Landscape Genetics Fire History Treeline

Advances in population and landscape genetics now allow us to answer previously intractable ecological questions.


Landscape genetics is a relatively new area of emphasis in the Biogeography Lab.  The lab is interested in questions related to ecological biogeography that can be addressed using advances in genetics and genomics techniques.  We are particularly interested in answering questions within a landscape genetics framework that are linked to climate change and that build on our lab’s expertise in landscape ecology and vegetation response to climate change.  We have a long history of investigating processes of range expansion of species through the study of ecotones and are placing an emphasis on using genetics to investigate how ecotones may shift during changing climates.  We are interested in questions about plant dispersal at short and long time scales and how this can be incorporated better into simulation and statistical models.  Two specific projects are described below.

Dispersal at treeline

As future climates are expected to change much more rapidly than in the past, it is important to understand the migration potential of species to predict what future ecosystems may look like. The extent to which seedling establishment at treeline is occurring as a function of local seed production is unknown. Our lab is addressing these questions by quantifying long distance dispersal using landscape genetics techniques. A genetic analysis, using both established microsatellite markers and next generation sequencing, is investigating local and regional genetic variability in mountain hemlock (Tsuga mertensiana) treelines on the Kenai Peninsula, Alaska. Population genetic structure is being analyzed using probabilistic assignment methods, and dispersal distance is being quantified at a local site through parentage analysis. This research will allow us to have a better understanding of treeline migration potential and will provide a mechanism for parameterizing fat-tailed dispersal kernels, which can be used in dynamic vegetation models.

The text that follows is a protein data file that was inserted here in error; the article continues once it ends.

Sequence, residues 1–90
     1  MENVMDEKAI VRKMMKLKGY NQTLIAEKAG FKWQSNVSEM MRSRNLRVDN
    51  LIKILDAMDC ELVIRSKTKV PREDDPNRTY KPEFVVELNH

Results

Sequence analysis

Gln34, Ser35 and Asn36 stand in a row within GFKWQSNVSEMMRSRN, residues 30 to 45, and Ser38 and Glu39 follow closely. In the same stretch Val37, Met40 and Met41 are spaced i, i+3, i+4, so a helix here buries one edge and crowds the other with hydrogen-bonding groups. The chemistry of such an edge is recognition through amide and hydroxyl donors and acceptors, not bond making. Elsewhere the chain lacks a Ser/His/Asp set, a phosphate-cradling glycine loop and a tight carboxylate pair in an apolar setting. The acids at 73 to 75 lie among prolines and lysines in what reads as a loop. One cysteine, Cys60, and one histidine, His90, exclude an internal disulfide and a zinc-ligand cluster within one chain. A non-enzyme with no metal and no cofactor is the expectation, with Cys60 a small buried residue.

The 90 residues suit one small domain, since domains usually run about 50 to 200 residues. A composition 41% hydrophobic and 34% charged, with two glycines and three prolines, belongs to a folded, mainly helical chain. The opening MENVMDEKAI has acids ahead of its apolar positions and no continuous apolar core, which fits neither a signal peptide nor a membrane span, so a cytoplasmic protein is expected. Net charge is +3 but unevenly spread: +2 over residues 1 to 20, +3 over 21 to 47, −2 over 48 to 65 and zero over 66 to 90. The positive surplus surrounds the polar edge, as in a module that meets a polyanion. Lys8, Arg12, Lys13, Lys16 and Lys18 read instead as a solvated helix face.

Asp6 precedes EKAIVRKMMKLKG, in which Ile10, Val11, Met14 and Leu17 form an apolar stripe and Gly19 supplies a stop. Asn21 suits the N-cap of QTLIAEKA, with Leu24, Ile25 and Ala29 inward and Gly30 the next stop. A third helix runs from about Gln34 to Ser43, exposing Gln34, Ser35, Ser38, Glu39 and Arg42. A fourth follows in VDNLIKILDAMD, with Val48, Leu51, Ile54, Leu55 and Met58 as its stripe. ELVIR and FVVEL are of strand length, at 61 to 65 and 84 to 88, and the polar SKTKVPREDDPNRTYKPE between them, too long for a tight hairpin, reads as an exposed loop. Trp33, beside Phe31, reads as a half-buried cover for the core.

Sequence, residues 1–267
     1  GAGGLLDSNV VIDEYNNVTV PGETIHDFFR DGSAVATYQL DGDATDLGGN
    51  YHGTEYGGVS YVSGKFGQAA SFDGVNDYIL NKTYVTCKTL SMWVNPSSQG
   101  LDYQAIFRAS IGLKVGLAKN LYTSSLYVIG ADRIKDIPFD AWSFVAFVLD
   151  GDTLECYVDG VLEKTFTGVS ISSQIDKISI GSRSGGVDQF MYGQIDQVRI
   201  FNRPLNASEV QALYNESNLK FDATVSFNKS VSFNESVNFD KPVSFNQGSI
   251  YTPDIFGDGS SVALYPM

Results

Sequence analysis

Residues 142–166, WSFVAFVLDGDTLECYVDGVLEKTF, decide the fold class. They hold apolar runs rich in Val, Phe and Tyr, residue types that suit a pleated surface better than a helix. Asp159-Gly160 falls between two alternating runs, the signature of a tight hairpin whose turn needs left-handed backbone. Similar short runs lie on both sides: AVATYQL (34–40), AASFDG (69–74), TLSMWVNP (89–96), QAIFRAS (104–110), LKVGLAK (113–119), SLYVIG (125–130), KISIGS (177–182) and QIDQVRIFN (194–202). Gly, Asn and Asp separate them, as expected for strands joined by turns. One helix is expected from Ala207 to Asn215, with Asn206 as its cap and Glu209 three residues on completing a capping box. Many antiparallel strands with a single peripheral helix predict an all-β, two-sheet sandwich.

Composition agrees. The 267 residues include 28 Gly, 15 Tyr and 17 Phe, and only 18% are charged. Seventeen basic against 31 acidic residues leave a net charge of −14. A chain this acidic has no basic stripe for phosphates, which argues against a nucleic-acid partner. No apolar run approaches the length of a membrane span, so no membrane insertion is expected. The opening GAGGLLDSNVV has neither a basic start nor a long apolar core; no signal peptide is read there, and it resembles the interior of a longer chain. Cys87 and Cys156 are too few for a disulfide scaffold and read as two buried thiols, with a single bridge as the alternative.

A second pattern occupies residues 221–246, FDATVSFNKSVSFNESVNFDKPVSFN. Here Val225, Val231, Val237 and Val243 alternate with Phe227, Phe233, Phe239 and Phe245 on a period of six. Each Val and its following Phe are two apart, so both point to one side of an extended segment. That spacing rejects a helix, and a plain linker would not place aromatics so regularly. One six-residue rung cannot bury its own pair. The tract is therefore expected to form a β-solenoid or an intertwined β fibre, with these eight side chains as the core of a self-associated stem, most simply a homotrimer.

Coastal Douglas fir populations

Arguably climate change and landscape fragmentation are two of the biggest ecological challenges of our generation. The ability of plant populations to respond rapidly to changing landscapes will depend on the complex interactions between landform, climate and biota. Landscape genetics is a framework that integrates the spatial and temporal components of geography and landscape ecology with the theoretical and evolutionary approaches of molecular ecology and population genetics. This approach allows us to assess how matrix quality, landscape configuration and composition influence genetic variation.  Our lab is currently addressing how landscape heterogeneity has influenced dispersal and gene flow in Coastal Douglas-Fir (Pseudotsuga menziesii). In brief, we have found little isolation by distance in Douglas-Fir populations and that geographically close sub-populations show a greater degree of genetic differentiation than more distant sub-populations suggesting isolation by resistance or isolation by adaptation. Future research will focus on developing resistance models that will more accurately identify which landscape features or climate variables specifically contribute to this genetic divergence. We will better understand how this commercially and economically important tree species will respond to changing landscapes.